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More fun with honorifics

I have since finished the Akagami anime, and almost all of the manga.

* Kiki and Mitsuhide, Prince Zen's first two guards/attendants, who used -dono on each other until they asked each other to stop, are in fact noble. Shirayuki uses -san with them even in private, contrary to my guess last time. They don't use an honorific with her or Zen, Zen and S don't use honorifics with each other (in private; his attendants qualify as private.)

* Obi, the definitely non-noble ninja, got promoted all the way to "Obi-sama" by a palace servant in Tanbarun. In the same scene, underage royalty call him Obi-san. That's not surprising given the relative ranks, but I note it.

* Those royal kids get "omae-tachi", or "you two" from their older and very annoyed brother. "omae" is a pretty casual/rude way of saying "you", like "hey you" -- Mitsuhide uses it on Obi a lot. One of the kids uses "nii-sama" for that brother, which is like "Exalted Big Brother". The kids also say Shirayuki-san, when their older brother, the first prince of their country, is saying Shirayuki-dono. That's kind of interesting... sort of they're responding to her base status, he's treating her as an honored guest plus all the... complications... Shira and Raji have.

* Between careful listening and the manga, I'm pretty sure Obi says "ojou-san" for Shirayuki much of the time, not my guess of an accented "ojou-sam". But he can switch it up: in one scene he opens with "ojou-san" as basically "Hi" or "Yo", but uses "ojou-sama" when speaking formally to her a moment later. For her part, she just calls him Obi. Then in that scene he loosens up and almost calls her by name, "Shirayu-" before clapping his hand to his mouth in horror.

* ...I just accidentally discovered TV Tropes ojou, which distinguishes 'ojou', lady, from 'oujo', princess. *headdesk* Not a distinction I'd been aware of, obviously, and not sure one my ear would be trained to discern even listening for it. It'll be interesting to try, though, especially where Shirayuki is concerned. Probably it's been 'ojou'.

* Speaking of which, a pirate captain calls Shira "ojou-chan". Given the personality and situation, this was probably mocking, it's like "little lady".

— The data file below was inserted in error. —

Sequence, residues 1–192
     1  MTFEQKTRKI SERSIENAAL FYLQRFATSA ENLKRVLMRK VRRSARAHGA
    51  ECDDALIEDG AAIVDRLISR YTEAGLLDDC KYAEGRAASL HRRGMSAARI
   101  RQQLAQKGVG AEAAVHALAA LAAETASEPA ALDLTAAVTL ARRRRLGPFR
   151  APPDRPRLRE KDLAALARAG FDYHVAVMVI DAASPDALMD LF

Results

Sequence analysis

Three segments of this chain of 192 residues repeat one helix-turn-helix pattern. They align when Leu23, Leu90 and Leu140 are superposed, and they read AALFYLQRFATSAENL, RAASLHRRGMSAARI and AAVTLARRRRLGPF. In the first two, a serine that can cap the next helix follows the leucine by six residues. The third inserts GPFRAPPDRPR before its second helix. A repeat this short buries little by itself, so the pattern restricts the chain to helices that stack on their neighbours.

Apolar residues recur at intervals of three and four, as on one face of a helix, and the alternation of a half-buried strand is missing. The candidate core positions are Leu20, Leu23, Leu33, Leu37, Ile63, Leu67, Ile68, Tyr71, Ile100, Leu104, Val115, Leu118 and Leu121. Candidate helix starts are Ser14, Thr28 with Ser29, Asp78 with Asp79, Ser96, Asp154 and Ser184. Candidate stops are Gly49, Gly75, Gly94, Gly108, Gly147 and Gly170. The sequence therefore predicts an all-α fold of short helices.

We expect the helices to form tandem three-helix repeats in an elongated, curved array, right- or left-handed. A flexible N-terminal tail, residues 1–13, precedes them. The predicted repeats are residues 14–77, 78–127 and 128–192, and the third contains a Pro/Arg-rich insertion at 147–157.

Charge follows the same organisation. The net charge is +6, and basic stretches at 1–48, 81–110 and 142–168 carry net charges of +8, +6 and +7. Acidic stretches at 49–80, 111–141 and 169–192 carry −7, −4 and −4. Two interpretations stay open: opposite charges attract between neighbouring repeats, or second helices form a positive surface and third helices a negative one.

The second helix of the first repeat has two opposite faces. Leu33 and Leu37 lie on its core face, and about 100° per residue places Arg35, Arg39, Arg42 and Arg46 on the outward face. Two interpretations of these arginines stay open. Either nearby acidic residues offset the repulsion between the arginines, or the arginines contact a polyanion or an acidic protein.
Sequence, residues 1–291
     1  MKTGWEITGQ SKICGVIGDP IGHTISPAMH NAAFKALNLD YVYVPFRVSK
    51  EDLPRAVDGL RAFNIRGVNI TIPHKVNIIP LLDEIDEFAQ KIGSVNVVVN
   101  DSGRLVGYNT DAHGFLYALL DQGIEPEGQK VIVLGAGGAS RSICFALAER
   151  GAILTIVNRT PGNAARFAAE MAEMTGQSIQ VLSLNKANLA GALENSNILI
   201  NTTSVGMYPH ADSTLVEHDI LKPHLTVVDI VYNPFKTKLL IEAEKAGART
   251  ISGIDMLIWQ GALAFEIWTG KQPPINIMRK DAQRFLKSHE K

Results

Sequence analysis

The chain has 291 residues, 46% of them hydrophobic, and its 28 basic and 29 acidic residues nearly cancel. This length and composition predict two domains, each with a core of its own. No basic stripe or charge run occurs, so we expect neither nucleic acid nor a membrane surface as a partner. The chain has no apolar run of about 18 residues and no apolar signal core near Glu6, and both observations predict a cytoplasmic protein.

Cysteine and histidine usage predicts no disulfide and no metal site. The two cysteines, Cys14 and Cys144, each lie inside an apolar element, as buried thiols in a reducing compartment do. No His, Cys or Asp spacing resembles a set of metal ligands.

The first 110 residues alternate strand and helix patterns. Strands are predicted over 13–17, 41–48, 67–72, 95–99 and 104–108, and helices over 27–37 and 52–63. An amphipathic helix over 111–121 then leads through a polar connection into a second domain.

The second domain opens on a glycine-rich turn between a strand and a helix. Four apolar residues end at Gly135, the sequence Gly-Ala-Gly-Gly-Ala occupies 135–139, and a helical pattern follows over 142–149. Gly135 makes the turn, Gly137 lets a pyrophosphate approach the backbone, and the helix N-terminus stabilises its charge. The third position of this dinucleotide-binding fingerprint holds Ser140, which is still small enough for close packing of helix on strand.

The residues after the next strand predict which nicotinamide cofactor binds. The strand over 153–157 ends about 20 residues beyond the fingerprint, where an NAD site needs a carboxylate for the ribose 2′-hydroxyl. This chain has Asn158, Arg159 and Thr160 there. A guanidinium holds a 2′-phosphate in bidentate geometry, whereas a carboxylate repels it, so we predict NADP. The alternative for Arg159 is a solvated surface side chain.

* After being rescued, Shirayuki is "Zen-ouji, Kiki-san, Mitsuhide-san", but once the outsider is dismissed and in the process of leaving, she's back to "Zen!". She'd also used Zen-ouji in talking *about* him to the local prince.

* The chief court herbalist, the one who calls S Shirayuki-kun, says Mitsuhide-sama and Zen-denka. Why is Mitsuhide -sama to her and -dono originally to Kiki? I have no idea. Maybe because Kiki was noble. You'd think a senior court official would kind of rank... Various random guards say "Kiki-dono". (But in the manga, they use -sama.) S uses Zen-ouji in front of her, keeping up appearances. I feel she's more diligent about that this season than she was last, but could be wrong.

* Mitsuhide says Izana-denka in talking about the first prince, Shira says Izana-ouji in talking to him. Again, I don't know if that has any meaning other than varying things up. Except, I note I'm not sure she's *ever* said denka, she uses ouji whenever she bothers being that formal. (Nope, she has, I just caught her saying "Zen-denka" when asking "you're Prince Zen's older brother, right?" Mostly uses ouji, though.)

* Manga: chief herbalist uses -kun on visiting herbalists who are her juniors but not her direct subordinates. She just calls Ryuu by his name though; he's the 12 year old prodigy who outranks most of the others; I assume she's going by his age. Oh, right, he asked S to call him Ryuu, and she's his junior, though he keeps calling her -san. The Chief also says Obi-kun, which is amusing. What *do* you call the prince's sketchy messenger? Izana honors both the chief and Ryuu with -dono, which given his rank and personality really is high honor.

* Huh, I never noticed what Prince Izana calls or uses for Shirayuki. Assuming he's ever *had* to use her name.

* Huh, Raji was saying "Shirayuki-dono" while talking about her to Zen back in first season, when he didn't respect her, just feared Zen. Uses it in talking to her a bit later, too. I guess he's been properly cowed, or is treating her as Zen's lover, which he thought she was.

* Not an honorific per se, but the second time Izana confronts S, I catch him saying "anata", "you", which is fairly rude in Japanese. Then he uses 'hime', "princess", right after that, which is mocking-rude in context.

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Damien Sullivan

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